15. these are the best, thanks for the recipe!

  16. Hi there’s no eggs in this recipe?

    • Hi Walt

      Indeed there are none! I’ve made this the other day and it turned out amazing. Very much like a shortbread!

  17. Do you have a nut free version of the cookies?

  18. Please send me the other recipes for all the Greek cookies, I am having a hard time finding all of the different Rose waters and etc. thank you

  19. Maria-Olga Mimikopoulou

    You can buy rosewater at supermarkets in the international foods aisle, usually in Asian section or from Amazon. You can also use flower water or cactus water.

  20. Hi just wondering if this recipe can be doubled?

    We ate all of it in a day oops

    • Eli K. Giannopoulos

      Easily 🙂

    • You can totally double the recipe, in fact just hit 2x under the ingredients. Once the dough is made, divide it in half and put the one portion in the fridge while you make & bake the first batch, that way the dough doesn’t warm up. I make double batches by default and they come out great.

  21. Linda Sosnowski

    Are there any eggs in this recipe? I made it and added one because the dough seemed strange compared to my old recipe. They were tasty.

  22. I’ve now made these cookies numerous times now & they always turn out, they are one of the family favourites.
    Thank you for sharing your fool proof recipe, I’m not the world’s best cook but haven’t had a failure yet. Great recipe!

  23. Page Tasker do not freeze the ready biscuits. You can freeze the dough. The kourabiedes will last a long time in a tin. (Must not be tupperware as you need some air circulation). We used to make them weeks before Christmas (we fast before Christmas).

  24. Hi can you use gluten free plain flour

    • Eli K. Giannopoulos

      Yes you can! It will be more crumbly so you may want to add a tiny bit of xanthan gum to make sure the dough holds together.

  25. I’ve just tried these for the first time at a Greek dinner event tonight in Tokyo. They were delicious but very dry. Now reading this I realize they could have been even better! I’m wondering if you think it’s possible to use almond flour in place of regular flour? (Can add xantham gum to hold it together I think).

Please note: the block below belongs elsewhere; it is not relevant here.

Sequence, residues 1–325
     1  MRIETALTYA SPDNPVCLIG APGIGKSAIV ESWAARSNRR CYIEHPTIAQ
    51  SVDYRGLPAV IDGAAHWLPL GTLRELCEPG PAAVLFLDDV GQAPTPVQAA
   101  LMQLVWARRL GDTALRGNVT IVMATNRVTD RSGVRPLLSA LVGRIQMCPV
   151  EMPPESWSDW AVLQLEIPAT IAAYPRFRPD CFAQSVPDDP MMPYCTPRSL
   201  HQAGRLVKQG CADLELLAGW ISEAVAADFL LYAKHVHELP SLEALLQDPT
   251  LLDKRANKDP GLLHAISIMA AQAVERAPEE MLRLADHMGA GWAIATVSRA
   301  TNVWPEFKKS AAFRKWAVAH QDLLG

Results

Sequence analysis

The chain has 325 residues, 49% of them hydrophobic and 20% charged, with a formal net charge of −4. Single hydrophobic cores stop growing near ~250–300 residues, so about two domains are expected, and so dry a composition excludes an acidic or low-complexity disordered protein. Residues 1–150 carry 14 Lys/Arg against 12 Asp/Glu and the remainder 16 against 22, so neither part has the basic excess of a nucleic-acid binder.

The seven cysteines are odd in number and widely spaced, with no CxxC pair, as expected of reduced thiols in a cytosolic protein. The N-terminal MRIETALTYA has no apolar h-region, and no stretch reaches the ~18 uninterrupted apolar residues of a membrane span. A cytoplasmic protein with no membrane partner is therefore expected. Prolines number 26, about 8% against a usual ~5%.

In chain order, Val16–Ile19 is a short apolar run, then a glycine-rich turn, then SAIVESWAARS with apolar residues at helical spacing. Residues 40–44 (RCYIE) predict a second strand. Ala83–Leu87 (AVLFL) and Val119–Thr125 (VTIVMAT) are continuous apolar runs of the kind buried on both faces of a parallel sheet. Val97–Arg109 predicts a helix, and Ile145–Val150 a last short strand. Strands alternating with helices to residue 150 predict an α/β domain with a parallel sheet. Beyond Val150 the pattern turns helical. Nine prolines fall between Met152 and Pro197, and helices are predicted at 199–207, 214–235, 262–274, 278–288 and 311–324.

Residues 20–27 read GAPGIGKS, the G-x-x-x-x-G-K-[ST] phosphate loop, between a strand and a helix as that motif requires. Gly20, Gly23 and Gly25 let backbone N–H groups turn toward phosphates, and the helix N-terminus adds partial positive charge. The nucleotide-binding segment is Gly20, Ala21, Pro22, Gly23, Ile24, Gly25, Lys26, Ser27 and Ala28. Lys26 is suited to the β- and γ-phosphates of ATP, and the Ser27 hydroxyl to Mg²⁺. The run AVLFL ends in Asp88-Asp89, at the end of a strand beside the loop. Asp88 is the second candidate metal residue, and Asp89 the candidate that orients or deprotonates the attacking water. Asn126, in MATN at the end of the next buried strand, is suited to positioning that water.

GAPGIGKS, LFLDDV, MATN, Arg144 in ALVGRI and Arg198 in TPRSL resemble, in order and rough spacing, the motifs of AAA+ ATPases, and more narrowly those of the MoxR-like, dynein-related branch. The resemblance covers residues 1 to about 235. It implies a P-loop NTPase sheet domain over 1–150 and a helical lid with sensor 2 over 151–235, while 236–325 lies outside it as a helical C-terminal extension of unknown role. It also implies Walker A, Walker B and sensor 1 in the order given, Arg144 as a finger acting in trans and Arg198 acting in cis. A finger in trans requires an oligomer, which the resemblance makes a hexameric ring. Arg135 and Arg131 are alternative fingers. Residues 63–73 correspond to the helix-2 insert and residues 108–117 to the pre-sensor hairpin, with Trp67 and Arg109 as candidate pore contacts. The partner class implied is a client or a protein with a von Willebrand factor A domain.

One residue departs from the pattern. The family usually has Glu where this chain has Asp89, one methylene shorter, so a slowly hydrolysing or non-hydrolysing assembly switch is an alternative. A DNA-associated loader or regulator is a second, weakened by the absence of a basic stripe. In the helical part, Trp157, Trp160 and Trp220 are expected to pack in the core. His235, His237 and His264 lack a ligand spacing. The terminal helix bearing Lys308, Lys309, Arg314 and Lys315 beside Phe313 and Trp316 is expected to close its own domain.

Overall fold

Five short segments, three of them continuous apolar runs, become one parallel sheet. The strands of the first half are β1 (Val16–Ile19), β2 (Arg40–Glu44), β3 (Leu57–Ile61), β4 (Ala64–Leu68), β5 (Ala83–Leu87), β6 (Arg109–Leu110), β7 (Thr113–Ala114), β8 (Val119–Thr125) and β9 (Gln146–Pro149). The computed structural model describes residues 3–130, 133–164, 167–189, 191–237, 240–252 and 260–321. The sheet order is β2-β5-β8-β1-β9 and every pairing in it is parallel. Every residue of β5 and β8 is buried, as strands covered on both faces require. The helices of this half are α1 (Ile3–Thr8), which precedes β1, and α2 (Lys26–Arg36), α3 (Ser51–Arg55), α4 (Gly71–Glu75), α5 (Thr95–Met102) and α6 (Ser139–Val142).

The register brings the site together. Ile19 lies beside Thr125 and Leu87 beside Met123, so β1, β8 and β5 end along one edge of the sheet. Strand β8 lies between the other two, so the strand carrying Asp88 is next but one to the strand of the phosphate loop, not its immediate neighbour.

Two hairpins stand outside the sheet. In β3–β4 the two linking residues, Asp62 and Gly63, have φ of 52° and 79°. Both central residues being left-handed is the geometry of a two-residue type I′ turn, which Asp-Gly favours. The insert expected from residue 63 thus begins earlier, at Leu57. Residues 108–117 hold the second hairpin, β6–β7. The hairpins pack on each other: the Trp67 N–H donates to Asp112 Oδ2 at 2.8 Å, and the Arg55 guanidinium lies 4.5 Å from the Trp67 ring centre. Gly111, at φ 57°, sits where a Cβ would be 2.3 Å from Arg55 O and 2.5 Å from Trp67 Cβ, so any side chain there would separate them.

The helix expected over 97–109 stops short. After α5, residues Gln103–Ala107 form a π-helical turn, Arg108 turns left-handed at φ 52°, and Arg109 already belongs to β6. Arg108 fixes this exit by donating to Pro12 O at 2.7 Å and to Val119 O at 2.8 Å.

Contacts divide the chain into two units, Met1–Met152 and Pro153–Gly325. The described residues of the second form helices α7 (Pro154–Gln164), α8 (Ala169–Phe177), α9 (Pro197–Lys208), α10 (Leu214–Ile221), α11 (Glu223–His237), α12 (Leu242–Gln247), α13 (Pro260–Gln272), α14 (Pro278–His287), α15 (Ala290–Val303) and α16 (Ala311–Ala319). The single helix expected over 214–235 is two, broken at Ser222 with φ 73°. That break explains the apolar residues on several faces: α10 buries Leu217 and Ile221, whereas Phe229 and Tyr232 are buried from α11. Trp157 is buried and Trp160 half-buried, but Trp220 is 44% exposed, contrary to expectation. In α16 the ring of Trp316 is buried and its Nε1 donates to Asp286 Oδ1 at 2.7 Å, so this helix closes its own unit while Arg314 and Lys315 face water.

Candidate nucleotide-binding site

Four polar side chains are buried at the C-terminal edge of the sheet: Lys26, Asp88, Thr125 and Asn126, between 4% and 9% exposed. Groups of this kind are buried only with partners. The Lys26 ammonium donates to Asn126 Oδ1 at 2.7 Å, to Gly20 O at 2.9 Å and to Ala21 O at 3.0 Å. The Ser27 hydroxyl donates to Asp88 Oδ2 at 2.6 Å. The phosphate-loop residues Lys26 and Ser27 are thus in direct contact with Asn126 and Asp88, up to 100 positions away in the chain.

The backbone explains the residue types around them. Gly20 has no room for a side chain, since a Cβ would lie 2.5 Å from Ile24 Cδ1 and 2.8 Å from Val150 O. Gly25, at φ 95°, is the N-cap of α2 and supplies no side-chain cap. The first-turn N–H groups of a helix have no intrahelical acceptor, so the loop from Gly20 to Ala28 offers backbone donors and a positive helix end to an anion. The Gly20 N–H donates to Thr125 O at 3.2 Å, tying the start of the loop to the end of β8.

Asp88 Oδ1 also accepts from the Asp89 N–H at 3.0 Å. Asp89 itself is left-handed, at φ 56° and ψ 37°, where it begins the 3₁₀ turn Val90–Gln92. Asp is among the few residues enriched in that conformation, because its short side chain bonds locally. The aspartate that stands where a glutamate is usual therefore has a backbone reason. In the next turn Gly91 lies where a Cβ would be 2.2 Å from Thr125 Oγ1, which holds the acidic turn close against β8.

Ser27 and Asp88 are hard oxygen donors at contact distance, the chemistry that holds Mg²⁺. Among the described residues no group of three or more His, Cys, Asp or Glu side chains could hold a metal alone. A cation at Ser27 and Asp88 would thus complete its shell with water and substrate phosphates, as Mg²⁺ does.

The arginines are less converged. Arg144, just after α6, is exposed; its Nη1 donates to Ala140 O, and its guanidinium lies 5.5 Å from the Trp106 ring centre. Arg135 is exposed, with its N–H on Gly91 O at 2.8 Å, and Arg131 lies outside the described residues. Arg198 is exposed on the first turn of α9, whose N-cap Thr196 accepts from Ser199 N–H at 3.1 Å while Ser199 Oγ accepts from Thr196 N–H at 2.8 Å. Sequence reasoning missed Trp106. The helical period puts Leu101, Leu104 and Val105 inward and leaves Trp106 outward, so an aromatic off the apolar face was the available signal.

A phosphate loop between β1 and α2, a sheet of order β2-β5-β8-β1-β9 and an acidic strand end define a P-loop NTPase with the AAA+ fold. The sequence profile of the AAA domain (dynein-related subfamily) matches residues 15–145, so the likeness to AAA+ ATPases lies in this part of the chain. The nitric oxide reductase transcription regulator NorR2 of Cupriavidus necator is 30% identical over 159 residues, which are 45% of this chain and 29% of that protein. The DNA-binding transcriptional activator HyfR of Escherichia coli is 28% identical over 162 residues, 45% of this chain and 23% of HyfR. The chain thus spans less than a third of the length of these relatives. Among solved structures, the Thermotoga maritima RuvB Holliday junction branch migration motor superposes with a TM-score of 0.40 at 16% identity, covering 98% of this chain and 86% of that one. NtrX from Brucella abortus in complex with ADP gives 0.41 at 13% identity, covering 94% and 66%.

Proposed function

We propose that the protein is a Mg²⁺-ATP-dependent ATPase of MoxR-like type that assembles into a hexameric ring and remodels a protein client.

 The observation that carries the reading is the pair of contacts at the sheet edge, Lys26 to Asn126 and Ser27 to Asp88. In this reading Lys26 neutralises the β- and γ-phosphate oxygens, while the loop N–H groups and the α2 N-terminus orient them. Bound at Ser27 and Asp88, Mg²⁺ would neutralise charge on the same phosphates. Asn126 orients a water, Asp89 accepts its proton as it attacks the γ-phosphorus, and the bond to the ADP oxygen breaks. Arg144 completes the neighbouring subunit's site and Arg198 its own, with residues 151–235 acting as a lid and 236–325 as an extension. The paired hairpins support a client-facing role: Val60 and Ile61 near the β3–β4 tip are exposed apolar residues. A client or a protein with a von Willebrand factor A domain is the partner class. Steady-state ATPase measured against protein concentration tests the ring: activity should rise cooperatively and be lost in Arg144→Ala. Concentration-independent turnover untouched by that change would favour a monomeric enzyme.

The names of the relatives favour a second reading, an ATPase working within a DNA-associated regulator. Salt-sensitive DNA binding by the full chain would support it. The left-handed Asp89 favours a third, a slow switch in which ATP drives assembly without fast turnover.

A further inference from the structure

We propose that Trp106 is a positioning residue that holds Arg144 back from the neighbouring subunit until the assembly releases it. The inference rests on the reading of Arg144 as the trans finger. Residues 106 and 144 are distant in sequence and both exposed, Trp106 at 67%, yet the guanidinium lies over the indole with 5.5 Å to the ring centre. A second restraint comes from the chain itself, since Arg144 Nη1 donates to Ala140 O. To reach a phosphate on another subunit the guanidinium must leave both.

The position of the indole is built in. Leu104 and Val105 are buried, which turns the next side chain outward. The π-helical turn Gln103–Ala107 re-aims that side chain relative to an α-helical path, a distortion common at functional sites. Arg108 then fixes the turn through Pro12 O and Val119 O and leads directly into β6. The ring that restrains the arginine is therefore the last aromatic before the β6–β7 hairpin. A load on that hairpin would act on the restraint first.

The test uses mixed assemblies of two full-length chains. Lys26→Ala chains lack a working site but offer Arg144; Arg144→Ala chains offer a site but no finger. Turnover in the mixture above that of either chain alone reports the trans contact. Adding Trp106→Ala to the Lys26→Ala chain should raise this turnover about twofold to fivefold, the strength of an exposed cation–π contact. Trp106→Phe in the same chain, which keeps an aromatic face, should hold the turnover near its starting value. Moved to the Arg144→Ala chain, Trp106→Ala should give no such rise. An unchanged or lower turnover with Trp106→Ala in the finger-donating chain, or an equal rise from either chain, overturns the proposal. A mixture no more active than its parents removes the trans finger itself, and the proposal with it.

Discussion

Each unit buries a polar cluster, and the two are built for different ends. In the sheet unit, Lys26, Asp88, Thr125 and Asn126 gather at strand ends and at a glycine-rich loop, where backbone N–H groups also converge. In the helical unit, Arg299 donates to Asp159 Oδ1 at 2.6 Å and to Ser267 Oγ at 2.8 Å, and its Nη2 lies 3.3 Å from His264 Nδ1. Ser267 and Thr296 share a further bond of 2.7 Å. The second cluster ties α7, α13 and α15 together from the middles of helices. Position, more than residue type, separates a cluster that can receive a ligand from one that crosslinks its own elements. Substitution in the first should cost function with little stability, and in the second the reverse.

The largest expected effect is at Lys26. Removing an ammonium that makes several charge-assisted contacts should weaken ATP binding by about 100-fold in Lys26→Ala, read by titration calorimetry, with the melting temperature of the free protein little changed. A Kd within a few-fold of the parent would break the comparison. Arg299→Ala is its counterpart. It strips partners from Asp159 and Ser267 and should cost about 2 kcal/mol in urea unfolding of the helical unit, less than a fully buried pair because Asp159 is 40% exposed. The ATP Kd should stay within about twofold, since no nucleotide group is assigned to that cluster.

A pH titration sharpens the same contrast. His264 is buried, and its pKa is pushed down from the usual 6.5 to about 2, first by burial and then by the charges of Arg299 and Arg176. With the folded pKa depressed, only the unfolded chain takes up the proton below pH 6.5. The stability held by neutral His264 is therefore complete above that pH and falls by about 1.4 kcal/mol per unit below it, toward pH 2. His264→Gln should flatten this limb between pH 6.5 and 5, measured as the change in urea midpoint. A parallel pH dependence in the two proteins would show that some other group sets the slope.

Thank you 🙏🏻

  26. Hilary Drysdale

    Hi the recipe states 1 TBSP of baking powder, is this correct as it seems a lot to me?

    • I came on here to ask the same thing! I made them and they did turn out really well but I think I can taste the baking powder as an aftertaste. Other recipes don’t seem to use nearly so much. I am interested to know if it was a typo b it no one else seems to mind.

      • Eli K. Giannopoulos

        Hey Louisa

        It is indeed one Table spoon. However if you do find the taste strong you can reduce it to 0.75 tbsp but they will rise a bit less in the oven. Also make sure you are using plain flour, not self raising flour as it already has baking powder in it!

        Finally make sure you bake them till they are a pale golden brown colour and make sure they are not too big. When the baking powder cooks it stops tasting like it. So it may be that the cookies needed a little bit longer in the oven.

    • mery patataki


  27. Can I use cake flour instead of all purpose?

  28. Hi there, just want to make sure about the baking powder( 1Tbs) or 1 tsp

  29. I bought powder almond can I use them

    • Eli K. Giannopoulos

      Yeap, but be aware that the kourabiedes will be a little bit more “solid” as there won’t be any crushed almonds inside to make them flake apart. They should taste great anyway!

  30. Hi – what happened is you add egg yolks?

  31. Can I freeze the dough to bake next week for Christmas? Thanks!

  32. Hi Dear,
    In all my greek recipe of Kourabiedes there is an egg yolk. Why you don’t use it? Thank you

  33. True Kourambiethes have no egg. My mum used to beat them for a lot longer for a good half hour, and were always perfect.

  34. Hi, what temperature should the oven have? It says 200°C in Step 1, but 170°C in Step 5.